Decided January 3, 1927.
Municipal corporations — City not liable upon abandoning appropriation proceedings for street — Nonliability for acts done in governmental capacity — Issuing and revoking building permits a governmental function — Permit revoked after expenditures made in constructing dwelling.
1. City may abandon proceedings to appropriate property for street purposes, without being liable for damages therefor.
2. Municipalities are not liable for damages for acts done in governmental capacity.
3. Matter of issuing and revoking building permits is an exercise of governmental power by city, for which it cannot be held in damages.
4. Where plaintiff expended large sums of money toward construction of dwelling, authorized by permit duly issued by city, and city thereafter revoked permit in contemplation of construction of street which was subsequently abandoned, city was not liable in damages for sums expended toward construction of dwelling.
ERROR: Court of Appeals for Lucas county.
Mr. C.F. Watts, for plaintiff in error.
Mr. F.M. Dotson, director of law, and Mr. Martin S. Dodd, for defendant in error.
Jane L. James began the original action in the court of common pleas to recover damages against the city of Toledo. The petition was met by a general demurrer, which was sustained, and, the plaintiff not desiring to plead further, her petition was dismissed.
In order to determine whether the court committed error in sustaining the demurrer, it will be necessary to look to the averments of the petition. After pleading that the defendant is a municipal corporation, and one J.R. Hesser was and is the commissioner of inspection of the city, and that plaintiff filed her claim for damages more than 60 days prior to the filing of the petition, she avers, in substance, as follows:
That she is and has been, since March 17, 1924, the owner of lot No. 56 in Lewis Heights in the city of Toledo; that on the 2d of April she entered into a contract in writing with Carl H. Ruch for the construction of a house on said lot; that on April 11, 1924, she made application to J.R. Hesser, commissioner of inspection of the defendant, for a permit to build a house on the lot; and that on the same day the defendant, by and through said J.R. Hesser, issued to plaintiff a building permit, authorizing her to construct a dwelling house on said lot; and that she paid the price of such permit. The plaintiff further avers that prior to April 17, 1924, she had commenced to construct a dwelling house on said lot in accordance with such permit, and had purchased material, made excavations, and incurred large expense in connection therewith. She avers that about April 14, 1924, council passed a resolution declaring its intention to appropriate property for a street, and that among other property was her said lot No. 56.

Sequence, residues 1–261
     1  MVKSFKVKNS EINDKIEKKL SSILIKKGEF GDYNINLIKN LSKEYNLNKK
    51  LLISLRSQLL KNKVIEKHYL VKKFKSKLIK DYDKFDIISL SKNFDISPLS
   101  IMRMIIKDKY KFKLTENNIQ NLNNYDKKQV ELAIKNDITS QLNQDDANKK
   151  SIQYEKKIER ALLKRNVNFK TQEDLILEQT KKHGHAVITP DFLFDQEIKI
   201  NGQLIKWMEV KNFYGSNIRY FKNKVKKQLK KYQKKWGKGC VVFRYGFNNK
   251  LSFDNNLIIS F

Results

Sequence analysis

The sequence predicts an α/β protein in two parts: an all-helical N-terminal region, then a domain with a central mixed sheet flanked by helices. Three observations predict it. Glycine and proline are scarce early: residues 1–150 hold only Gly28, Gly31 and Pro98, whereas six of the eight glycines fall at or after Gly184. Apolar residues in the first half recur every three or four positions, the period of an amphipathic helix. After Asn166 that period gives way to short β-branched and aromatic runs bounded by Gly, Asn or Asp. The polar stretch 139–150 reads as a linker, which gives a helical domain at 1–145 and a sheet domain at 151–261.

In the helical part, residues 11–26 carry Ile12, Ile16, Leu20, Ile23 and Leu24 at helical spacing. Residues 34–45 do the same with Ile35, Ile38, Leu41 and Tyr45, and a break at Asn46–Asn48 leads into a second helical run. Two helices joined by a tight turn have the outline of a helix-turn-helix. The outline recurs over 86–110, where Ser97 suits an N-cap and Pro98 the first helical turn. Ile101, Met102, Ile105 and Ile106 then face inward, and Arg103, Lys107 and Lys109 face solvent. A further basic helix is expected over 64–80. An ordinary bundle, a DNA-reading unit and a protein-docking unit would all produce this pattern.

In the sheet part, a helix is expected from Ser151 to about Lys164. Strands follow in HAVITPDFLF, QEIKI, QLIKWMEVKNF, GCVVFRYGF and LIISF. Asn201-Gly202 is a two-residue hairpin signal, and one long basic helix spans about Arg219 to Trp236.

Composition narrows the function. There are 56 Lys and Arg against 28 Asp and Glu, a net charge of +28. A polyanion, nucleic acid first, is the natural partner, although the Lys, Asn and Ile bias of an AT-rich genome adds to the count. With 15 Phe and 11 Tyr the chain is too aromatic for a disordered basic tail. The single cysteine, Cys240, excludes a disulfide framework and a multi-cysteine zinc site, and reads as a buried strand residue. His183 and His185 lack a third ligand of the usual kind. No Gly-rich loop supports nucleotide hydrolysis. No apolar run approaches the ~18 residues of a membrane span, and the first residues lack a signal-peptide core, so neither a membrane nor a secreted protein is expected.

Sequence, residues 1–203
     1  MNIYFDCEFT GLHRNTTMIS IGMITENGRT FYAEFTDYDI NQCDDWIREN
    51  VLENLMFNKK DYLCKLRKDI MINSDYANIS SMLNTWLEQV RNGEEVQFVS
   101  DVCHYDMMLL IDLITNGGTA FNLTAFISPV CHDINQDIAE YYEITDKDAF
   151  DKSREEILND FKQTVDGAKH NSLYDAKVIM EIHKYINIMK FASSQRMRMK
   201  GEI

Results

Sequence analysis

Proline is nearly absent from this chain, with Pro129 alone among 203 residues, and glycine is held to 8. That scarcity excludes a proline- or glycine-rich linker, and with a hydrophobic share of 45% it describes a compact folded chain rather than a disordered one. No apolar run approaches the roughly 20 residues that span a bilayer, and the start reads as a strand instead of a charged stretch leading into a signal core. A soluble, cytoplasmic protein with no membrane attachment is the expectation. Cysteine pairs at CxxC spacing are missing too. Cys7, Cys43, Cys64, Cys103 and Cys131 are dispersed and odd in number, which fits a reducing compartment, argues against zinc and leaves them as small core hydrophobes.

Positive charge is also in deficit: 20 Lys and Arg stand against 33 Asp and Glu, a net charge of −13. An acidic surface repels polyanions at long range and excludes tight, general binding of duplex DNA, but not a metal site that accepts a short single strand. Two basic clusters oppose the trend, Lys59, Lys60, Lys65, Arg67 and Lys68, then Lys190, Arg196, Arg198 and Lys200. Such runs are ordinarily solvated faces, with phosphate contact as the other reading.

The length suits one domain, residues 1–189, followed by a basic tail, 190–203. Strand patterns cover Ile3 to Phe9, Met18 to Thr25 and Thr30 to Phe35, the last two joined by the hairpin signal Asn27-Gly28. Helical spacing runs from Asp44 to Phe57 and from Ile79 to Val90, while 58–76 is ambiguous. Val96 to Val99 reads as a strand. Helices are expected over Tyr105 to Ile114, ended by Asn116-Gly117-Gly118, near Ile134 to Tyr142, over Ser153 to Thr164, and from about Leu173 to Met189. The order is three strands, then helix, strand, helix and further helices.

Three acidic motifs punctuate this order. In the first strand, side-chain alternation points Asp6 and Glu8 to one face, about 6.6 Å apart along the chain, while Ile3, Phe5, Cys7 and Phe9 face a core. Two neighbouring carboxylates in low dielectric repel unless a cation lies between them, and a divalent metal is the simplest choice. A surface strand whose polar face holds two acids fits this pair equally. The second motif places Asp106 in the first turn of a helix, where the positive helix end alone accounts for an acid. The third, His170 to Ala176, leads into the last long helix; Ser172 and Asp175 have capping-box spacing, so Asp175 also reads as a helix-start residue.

The petition avers that about April 16, 1924, the city of Toledo, by and through J.R. Hesser, commissioner of inspection of the division of buildings, served on her agent, and also on the contractor above named, a notice withdrawing said permit and directing that no further work should be done thereunder. The petition avers that a copy of that order is attached and marked "B," and that, upon receipt of the notice and order, and in compliance therewith, she discontinued work on the house. She further avers that thereafter she requested the city in writing to either buy the property or appropriate it, or renew the building permit, but that the defendant took no steps so to do, and refused to reissue the permit that it had revoked. The petition further avers that on July 14, 1924, the city, through its council, passed a resolution repealing the resolution adopted April 14, 1924, for the appropriation of lot No. 56, Lewis Heights, and she prays damages from the city by reason of the foregoing facts.